Mosquito or an airborne vaccinator?

March 23, 2001

If mosquitoes lost their taste for human blood or could no longer play host to Plasmodium, the malaria parasite, there would be 1 million fewer deaths every year. The development of mosquitoes with either of or both these characteristics is now a realistic possibility.

Godfather to the new and less malign insects underpinning these hopes is Andrea Crisanti, a professor in the department of biology at Imperial College, London. In June, he wrote to Nature reporting his success in creating the world’s first transgenic mosquito: the culmination of 15 years of experiment and, in itself, a remarkable achievement. At that time it was the insect he wanted to keep centre stage. Now he is willing to reflect on the implications of his creation, and how it might help to control malaria.

A transgenic organism is one in which the normal genome has been altered by the addition of a gene or genes from other species. The technique that Crisanti uses was developed in the 1980s using the geneticists’ favourite plaything, the fruit fly Drosophila. The idea is simple enough in principle. “What you do is inject a particular piece of DNA into a mosquito egg,” Crisanti says. The DNA is chosen for its property of being able to “jump”: to integrate itself into a new genome. “If you want to introduce an alien gene into a mosquito, you put the gene, like a piece of cargo, into the jumping section. The cargo can be any gene you like.”

To make this trick work as well in Anopheles as it does in the fruit fly was a challenge. Crisanti had to identify a piece of DNA that would jump well in this type of insect and then find an innocuous “marker” to demonstrate that integration into the mosquito genome really had occurred. For his marker, he chose a jellyfish gene that confers a green fluorescence on any cells carrying and using it.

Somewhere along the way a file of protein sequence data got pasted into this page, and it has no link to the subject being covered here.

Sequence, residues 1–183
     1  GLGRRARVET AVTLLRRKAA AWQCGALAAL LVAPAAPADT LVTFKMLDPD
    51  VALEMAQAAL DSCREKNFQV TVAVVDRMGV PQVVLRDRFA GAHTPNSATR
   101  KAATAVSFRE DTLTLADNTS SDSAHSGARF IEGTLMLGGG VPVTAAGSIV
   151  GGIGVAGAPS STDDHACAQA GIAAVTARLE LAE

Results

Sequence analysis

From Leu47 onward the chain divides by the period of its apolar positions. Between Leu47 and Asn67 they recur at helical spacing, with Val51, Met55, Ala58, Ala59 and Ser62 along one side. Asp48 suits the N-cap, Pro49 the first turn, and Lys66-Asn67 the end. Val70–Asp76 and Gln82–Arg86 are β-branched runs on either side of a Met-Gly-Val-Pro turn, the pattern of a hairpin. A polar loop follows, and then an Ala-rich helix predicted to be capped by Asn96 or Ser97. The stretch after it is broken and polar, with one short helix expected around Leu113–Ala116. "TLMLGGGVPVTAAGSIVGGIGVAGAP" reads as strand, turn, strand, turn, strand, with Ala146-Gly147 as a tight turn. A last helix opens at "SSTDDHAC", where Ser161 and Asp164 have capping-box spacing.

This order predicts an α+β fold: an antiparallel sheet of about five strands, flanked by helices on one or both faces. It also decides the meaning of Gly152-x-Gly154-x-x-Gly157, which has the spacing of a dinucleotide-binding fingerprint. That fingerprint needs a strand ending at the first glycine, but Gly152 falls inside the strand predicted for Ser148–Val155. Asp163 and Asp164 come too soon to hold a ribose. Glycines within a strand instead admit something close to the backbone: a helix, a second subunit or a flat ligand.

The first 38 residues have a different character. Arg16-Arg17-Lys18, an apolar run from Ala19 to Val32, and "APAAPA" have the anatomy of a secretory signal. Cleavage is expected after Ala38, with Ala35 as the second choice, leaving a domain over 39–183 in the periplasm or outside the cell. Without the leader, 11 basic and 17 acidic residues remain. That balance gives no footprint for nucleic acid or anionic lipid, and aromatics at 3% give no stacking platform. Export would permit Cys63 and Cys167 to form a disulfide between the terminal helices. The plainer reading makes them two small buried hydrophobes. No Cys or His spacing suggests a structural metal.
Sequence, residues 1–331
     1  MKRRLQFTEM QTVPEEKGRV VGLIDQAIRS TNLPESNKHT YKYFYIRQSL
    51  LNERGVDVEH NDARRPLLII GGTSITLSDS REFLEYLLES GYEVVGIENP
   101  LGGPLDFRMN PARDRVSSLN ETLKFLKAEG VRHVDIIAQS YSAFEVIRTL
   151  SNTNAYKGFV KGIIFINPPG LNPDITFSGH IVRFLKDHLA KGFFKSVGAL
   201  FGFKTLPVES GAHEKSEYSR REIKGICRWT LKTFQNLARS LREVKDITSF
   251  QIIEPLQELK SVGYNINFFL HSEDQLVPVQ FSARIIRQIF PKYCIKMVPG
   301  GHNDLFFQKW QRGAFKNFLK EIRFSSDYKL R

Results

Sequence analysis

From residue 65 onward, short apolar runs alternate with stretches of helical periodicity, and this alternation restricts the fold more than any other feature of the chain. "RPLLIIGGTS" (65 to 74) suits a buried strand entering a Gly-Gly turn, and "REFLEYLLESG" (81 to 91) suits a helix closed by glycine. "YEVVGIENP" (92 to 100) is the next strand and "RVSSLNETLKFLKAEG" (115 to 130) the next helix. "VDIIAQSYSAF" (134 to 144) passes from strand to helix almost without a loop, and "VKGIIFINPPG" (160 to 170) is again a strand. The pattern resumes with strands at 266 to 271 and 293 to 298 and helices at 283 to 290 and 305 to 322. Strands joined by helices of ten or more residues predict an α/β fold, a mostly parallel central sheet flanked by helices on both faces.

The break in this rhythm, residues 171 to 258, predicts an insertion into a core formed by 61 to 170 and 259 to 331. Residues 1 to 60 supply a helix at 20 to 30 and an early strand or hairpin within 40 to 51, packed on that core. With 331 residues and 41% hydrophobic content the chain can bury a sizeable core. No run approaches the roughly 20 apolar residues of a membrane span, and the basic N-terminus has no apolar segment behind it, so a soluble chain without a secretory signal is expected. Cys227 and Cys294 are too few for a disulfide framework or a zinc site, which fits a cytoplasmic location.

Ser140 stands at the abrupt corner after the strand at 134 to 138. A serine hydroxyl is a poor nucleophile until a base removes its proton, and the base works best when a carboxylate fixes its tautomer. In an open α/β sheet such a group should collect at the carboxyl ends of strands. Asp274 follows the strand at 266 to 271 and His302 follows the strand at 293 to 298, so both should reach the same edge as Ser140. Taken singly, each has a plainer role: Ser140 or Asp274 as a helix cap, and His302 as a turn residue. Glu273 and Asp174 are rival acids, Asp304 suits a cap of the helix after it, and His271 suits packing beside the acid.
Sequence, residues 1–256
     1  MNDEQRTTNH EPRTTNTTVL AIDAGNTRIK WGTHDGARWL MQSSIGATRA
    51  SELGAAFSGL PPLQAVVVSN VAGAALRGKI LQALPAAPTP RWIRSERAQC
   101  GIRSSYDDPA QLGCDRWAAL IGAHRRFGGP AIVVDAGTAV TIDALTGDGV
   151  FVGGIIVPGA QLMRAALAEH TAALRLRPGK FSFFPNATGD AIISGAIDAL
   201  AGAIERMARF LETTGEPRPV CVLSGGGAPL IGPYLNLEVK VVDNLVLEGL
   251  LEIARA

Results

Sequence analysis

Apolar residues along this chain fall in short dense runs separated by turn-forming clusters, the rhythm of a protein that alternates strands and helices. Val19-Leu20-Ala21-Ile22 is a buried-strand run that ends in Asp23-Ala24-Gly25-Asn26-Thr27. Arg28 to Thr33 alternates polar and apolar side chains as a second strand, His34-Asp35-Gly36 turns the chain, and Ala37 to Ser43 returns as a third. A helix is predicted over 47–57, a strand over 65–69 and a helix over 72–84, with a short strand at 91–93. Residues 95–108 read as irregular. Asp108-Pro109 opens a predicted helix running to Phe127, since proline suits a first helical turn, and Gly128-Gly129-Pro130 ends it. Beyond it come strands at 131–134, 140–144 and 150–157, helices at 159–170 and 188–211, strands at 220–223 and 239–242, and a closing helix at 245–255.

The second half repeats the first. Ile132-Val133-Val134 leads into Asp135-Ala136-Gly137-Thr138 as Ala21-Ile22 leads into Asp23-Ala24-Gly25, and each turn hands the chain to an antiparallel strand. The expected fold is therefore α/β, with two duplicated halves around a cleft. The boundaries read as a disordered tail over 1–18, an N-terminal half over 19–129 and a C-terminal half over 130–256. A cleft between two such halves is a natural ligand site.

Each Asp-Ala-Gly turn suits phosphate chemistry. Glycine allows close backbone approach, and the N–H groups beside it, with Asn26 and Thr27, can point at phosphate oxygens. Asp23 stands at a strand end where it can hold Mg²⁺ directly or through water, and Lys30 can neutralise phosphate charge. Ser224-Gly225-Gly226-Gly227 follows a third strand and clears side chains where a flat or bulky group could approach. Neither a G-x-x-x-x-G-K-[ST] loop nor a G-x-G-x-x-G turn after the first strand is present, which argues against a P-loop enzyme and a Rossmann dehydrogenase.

Crisanti’s biggest problem was purely mechanical. The Anopheles egg has a hard and fragile shell that shatters when you try to inject it. “We overcame that by finding a compound that delays the hardening,” he explains. “We do the injection while the shell is still soft.”

Having perfected their transgenic mosquito, the Imperial College researchers are now moving to exploit it. In general terms, it is clear that the more they find out about the relationship between the parasite and the mosquito, the greater the likelihood of stumbling on new ideas for attacking malaria.

In fact, Crisanti and his colleagues have far more specific intentions. They are trying to insert a gene that will allow them to choose which other genes are active in any particular tissue. Their targets are the insect’s gut and salivary glands. The gut is the first tissue exposed to the parasite, and the salivary glands are home to those of its progeny waiting to be passed to another human.

One strategy would be to find out why certain mosquito species are resistant to malaria. This is probably because their cells do not make the type of surface proteins or receptors that the parasites rely on to establish a foothold. “If you could knock out the gene that codes for this receptor,” Crisanti says, “you could breed Anopheles mosquitoes in which the parasite couldn’t survive.”

Another possibility would be to borrow a gene from those species of mosquito in which the parasite cannot survive because the insect’s gut cells produce antibodies against it. “The genes for these antibodies are already available,” Crisanti says. “You’d introduce the gene into the insect’s genome, and then switch it on just where it was needed, in the gut cells.

“We could also experiment on the molecular basis of mosquito behaviour: why they have a preference for humans as opposed to animals. This could be done by comparing the olfactory genes in species that do and do not bite humans.”

Having developed a “safe” mosquito, what then? Breed and release them in vast numbers in the hope of them competing successfully with the indigenous strains and spreading the new genes. Offering them a head start would be sensible. “You could give them a competitive advantage by releasing them in ideal breeding places or before the indigenous mosquitoes were ready to breed,” Crisanti says. “You might even give them an advantage of some kind using further genetic modifications.”

The most exotic possibility would be to develop a mosquito that could inject its human hosts with something able to provoke an immune response against the parasite. Crisanti is understandably cautious about this vision of swarms of flying vaccinators. The dose of the “vaccine” being delivered could not be standardised - never mind the ethical problems posed by vaccinating whole populations against their will. For the present, Crisanti is most concerned about the more mundane problem facing malaria researchers: cash. “The people with money don’t suffer from malaria, and the people with malaria have no money.”      

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